We had an unfortunate experience, and I’m purposely not mentioning the name of the resort company, because we’re still trying to figure out what’s happening with that contract that my parents signed. But be warned! Timeshare and resort companies are becoming more and more aggressive in their sales tactics, so don’t let yourself get caught when you’re on vacation.
It wasn’t all bad though. We did manage to have a few good experiences, despite all the of the drama. We ate some good food, and found that the staff who drive the cars, work in the restaurants, clean the rooms and tend to the gardens were all very friendly. I’ve been keeping in touch with one staff member who was really friendly, and all we talk about is food! He has given me one of his family recipes to try, so hopefully I will have that ready for you to check out soon!
Ok, let’s talk about the pico de gallo recipe.
What is Pico de Gallo?
Pico de gallo, sometimes referred to as Salsa Fresca, is a fresh salsa made with raw tomatoes, onions, serrano chili peppers, cilantro, lime and salt. That’s it! We had it served with tortilla chips and guacamole at the resort, but it’s also tasty when served as a topping for fish, chicken or steak. I’ve been told that it’s good with eggs too, although I haven’t tried that.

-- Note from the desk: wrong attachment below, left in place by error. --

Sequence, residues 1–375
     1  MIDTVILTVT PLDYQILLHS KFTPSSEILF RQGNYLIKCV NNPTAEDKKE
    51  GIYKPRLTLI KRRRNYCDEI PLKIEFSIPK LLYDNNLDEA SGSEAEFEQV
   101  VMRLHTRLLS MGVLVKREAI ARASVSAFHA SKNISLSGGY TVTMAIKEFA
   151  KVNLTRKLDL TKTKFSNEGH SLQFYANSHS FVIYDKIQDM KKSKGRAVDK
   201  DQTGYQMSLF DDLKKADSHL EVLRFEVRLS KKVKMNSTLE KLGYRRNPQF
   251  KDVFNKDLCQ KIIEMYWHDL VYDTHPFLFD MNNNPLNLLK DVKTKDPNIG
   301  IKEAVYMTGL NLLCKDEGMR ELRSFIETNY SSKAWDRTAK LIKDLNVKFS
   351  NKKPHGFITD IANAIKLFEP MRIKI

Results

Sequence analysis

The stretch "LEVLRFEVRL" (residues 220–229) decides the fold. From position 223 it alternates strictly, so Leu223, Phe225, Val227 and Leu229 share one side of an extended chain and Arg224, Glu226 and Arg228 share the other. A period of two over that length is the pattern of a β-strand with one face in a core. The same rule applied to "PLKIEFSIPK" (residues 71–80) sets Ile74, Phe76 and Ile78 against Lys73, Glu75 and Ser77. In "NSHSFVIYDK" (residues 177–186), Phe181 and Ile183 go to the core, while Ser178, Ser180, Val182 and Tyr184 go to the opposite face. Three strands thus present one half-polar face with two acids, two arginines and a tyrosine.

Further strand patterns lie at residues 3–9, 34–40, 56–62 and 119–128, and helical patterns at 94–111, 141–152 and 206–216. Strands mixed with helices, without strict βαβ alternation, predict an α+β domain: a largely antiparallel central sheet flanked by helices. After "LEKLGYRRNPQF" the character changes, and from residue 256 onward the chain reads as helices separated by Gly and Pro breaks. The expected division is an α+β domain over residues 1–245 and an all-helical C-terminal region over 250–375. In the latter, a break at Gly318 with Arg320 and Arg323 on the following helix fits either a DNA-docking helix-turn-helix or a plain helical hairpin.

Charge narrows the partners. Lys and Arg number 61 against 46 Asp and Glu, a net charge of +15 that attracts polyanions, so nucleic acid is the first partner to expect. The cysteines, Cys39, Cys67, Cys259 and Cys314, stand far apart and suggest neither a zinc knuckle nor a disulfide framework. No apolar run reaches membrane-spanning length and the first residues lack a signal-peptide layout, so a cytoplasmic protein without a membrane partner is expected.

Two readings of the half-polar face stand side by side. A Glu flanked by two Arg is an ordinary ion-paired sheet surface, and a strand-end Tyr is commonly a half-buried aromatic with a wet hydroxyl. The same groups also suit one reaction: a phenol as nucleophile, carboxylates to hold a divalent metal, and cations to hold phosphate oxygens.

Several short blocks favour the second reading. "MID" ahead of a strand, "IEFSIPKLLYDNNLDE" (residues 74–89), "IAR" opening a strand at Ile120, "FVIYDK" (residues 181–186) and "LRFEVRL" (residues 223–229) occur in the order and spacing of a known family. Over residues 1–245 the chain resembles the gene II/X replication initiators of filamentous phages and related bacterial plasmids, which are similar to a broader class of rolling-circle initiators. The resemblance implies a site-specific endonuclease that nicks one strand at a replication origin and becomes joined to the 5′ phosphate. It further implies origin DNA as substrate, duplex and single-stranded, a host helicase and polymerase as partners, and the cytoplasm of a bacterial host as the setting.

I managed to find serrano peppers in the produce section of my local Walmart, but if you can’t find them you can use jalapeño peppers instead. Keep in mind though, that serrano peppers can be quite a bit hotter than jalapeño peppers. So you might want to leave the seeds and membranes in the jalapeño peppers to get more heat out of them, whereas doing so with the serrano peppers might make the pico de gallo too spicy for you. It really depends on your personal heat tolerance.
For the tomatoes, you need to use the best quality tomatoes that you can get your hands on. This might mean that you can’t make this dish in the dead of winter here in Canada, when our tomatoes truly suck. In the middle of summer though, any tomatoes will do. I used little Campari tomatoes in this post, because they’re my favourite, but I’ve also made pico de gallo with hot house tomatoes which works just as well.